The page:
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What Treatments Are Out There for Stage IV Small Cell?

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Published on October 20, 2015

Are there treatments for stage IV small cell cancer? Dr. Paul K. Paik discusses promising treatments on the rise for small cell cancer. He contends that epigenome inserts among other future treatments will prove effective in curing lung cancer. 

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Transcript | What Treatments Are Out There for Stage IV Small Cell?

Please remember the opinions expressed on Patient Power are not necessarily the views of our sponsors, contributors, partners or Patient Power. Our discussions are not a substitute for seeking medical advice or care from your own doctor. That's how you’ll get care that's most appropriate for you.

Please remember the opinions expressed on Patient Power are not necessarily the views of our sponsors, contributors, partners or Patient Power. Our discussions are not a substitute for seeking medical advice or care from your own doctor. That’s how you’ll get care that’s most appropriate for you.

Jamie:

So we have an online question from Mary, “Is there any new or promising treatments for those with stage IV small cell metastasized to the brain?” 

Dr. Paik:                

So the answer is yes.  There are two different approaches that I think will end up yielding some promising results.  One is immunotherapy.  So there are immunotherapy trials, particularly combination trials, which are seeing promising results. And given the pace at which these data are being presented and them and then organizations are incorporating them in terms of being able to prescribe this, I think we’re going to see something solidify some time hopefully in the next couple of years, I think, for small cell lung cancer.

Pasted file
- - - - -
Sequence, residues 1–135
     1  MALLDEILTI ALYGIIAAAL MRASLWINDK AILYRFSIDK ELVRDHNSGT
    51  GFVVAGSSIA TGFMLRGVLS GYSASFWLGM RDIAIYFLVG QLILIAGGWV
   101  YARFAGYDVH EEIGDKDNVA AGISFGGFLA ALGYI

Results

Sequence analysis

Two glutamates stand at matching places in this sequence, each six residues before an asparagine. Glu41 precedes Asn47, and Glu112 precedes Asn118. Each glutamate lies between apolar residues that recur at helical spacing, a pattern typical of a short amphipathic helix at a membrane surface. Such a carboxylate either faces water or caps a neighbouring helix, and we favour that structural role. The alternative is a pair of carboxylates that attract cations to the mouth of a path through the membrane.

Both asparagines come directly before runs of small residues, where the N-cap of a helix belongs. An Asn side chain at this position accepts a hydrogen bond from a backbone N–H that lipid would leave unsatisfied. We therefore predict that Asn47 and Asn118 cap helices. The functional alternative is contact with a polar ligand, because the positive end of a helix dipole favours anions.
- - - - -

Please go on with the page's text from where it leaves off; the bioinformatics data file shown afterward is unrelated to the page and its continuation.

The other thing is that while I had mentioned that targeted therapy approaches are difficult, they have been difficult because there are—the low-hanging fruits that we’ve seen for lung adenocarcinoma—they just don’t exist for small cell lung cancer.

There are other ways of tackling, uh, small cell lung cancer that are targeted but that don’t necessarily rely on specific gene mutations. And—and these are treatments that are directed at what’s called the epigenome. So a regulation that happens outside of genetic mutations basically. And we think that this is very important in small cell lung cancer. And this is one of the things that we’re trying to tackle, basically, a combination approach of epigenetic therapy with one additional targeted therapy that dictates how cells survive and how they die. 

So there are these new combinations that are being studied right now, which I think we’ll begin to see the results of, again, within the next couple of years. And I have a lot of hope that actually that strategy is going to end up working out based on the data that have been presented.

So I think there are a couple of things to keep our eyes on.  I think the other thing is part of the discussion that we’ve had, which is that, you know, in addition to work that’s specifically being done in small cell lung cancer and lung cancer in general, you know, we have our colleagues, dealing with other kinds of cancers. And as Dr. DeCamp had mentioned, you know, we don’t see lung adenocarcinoma necessarily as lung adenocarcinoma. And now, we see it as EGFR-mutant lung cancer, ALK-rearranged lung cancer, HER2-mutant lung cancer.

And these defining it that way means that we are able to borrow from the expertise and experience of doctors and patients from other kinds of cancers, because these are similarities across them.  And I think we’re going to begin to see that more and more also.  And so the other hope that I have is that ongoing work in other cancers will help find some new treatments for small cell lung cancer also.

Please remember the opinions expressed on Patient Power are not necessarily the views of our sponsors, contributors, partners or Patient Power. Our discussions are not a substitute for seeking medical advice or care from your own doctor. That’s how you’ll get care that’s most appropriate for you.

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